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Black women unemployment crisis

STATISTICS: One in five women from black and ethnic minority communities are unemployed in the UK

A CROSS party group of MPs and Lords are to focus on high levels of ethnic minority female unemployment as part of a new inquiry announced today (June 28).

The inquiry, being held by the All Party Parliamentary Group on Race and Community and led by group chair David Lammy, will attempt to determine why one in five black, Pakistani and Bangladeshi women are unemployed compared to only one in 14 white women.

It will also seek to find ways to reduce these inequalities.

The inquiry follows widespread media coverage of ethnic minority male unemployment – particularly of young black men – and seeks to focus a similar amount of attention onto ethnic minority women, who are often left out of this debate.

The group is calling for businesses, charities, social enterprises, individuals and other interested parties to submit written evidence to the inquiry, and will also hold two evidence sessions in parliament.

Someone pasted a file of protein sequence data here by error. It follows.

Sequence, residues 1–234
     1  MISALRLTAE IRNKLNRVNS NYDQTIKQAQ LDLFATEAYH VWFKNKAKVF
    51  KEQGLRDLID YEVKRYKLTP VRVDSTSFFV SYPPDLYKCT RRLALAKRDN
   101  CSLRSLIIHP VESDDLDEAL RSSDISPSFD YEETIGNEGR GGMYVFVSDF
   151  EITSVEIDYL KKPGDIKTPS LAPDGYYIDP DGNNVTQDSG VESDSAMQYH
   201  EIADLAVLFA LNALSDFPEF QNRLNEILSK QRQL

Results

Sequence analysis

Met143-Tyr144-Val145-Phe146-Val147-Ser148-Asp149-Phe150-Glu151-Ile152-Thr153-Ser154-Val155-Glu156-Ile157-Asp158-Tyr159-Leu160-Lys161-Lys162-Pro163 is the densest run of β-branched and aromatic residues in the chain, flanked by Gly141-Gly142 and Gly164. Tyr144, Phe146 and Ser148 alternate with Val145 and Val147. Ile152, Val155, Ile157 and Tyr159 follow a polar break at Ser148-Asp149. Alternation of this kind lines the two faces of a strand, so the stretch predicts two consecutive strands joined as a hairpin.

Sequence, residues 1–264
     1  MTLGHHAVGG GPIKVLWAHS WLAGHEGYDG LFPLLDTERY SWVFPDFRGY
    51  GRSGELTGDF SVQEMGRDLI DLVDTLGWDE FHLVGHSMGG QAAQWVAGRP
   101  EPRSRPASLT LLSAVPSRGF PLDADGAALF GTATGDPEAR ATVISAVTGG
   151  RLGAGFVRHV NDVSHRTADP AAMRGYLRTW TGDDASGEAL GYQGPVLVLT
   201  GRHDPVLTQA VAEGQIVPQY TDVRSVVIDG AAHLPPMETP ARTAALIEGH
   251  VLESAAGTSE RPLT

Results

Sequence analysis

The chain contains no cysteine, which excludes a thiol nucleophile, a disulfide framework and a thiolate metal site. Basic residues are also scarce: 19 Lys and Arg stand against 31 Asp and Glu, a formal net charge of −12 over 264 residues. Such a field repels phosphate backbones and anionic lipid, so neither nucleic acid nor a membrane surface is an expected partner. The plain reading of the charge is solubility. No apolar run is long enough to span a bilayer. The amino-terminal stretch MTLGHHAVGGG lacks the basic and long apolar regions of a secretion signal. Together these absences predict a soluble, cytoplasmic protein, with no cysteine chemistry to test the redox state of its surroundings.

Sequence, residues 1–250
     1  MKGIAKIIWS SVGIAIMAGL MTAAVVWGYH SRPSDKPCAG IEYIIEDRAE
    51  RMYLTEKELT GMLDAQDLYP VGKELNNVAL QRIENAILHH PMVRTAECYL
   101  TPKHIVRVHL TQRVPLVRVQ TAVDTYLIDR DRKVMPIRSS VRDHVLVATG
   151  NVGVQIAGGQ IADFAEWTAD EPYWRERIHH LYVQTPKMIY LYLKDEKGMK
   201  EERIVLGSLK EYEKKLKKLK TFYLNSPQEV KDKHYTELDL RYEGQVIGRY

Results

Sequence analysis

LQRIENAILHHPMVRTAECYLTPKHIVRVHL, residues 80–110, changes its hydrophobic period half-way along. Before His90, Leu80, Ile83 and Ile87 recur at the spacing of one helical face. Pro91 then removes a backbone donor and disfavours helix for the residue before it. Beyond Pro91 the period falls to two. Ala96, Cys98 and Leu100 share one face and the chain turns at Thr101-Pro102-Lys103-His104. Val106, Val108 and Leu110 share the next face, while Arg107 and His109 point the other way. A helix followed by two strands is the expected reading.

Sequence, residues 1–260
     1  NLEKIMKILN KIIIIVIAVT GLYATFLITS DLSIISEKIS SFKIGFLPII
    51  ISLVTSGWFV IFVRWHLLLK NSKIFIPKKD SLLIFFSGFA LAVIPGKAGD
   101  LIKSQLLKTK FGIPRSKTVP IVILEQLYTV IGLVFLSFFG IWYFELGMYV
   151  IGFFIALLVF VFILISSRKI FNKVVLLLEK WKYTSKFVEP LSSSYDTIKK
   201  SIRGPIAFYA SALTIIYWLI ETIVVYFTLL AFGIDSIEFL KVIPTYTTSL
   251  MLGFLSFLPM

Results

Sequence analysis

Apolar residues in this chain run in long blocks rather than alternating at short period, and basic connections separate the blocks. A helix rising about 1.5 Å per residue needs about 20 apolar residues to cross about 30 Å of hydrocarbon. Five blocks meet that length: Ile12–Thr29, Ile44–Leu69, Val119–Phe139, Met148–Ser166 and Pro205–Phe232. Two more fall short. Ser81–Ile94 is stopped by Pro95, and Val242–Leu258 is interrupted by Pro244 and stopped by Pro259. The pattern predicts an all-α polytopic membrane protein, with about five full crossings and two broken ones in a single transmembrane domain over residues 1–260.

In addition, the inquiry will collect video testimonies from women across the country in order to reflect varied experiences across England.

These will form the basis for a short film, which will be released alongside the final report in the autumn.

The Runnymede Trust, the UK’s leading race equality think tank, will be co-coordinating the inquiry on behalf of the All Party Parliamentary Group as part of its role as secretariat for the group.

A sub-committee of MPs and peers will lead the inquiry, and will also receive input from other parliamentarians who are members of the All Party Parliamentary Group.

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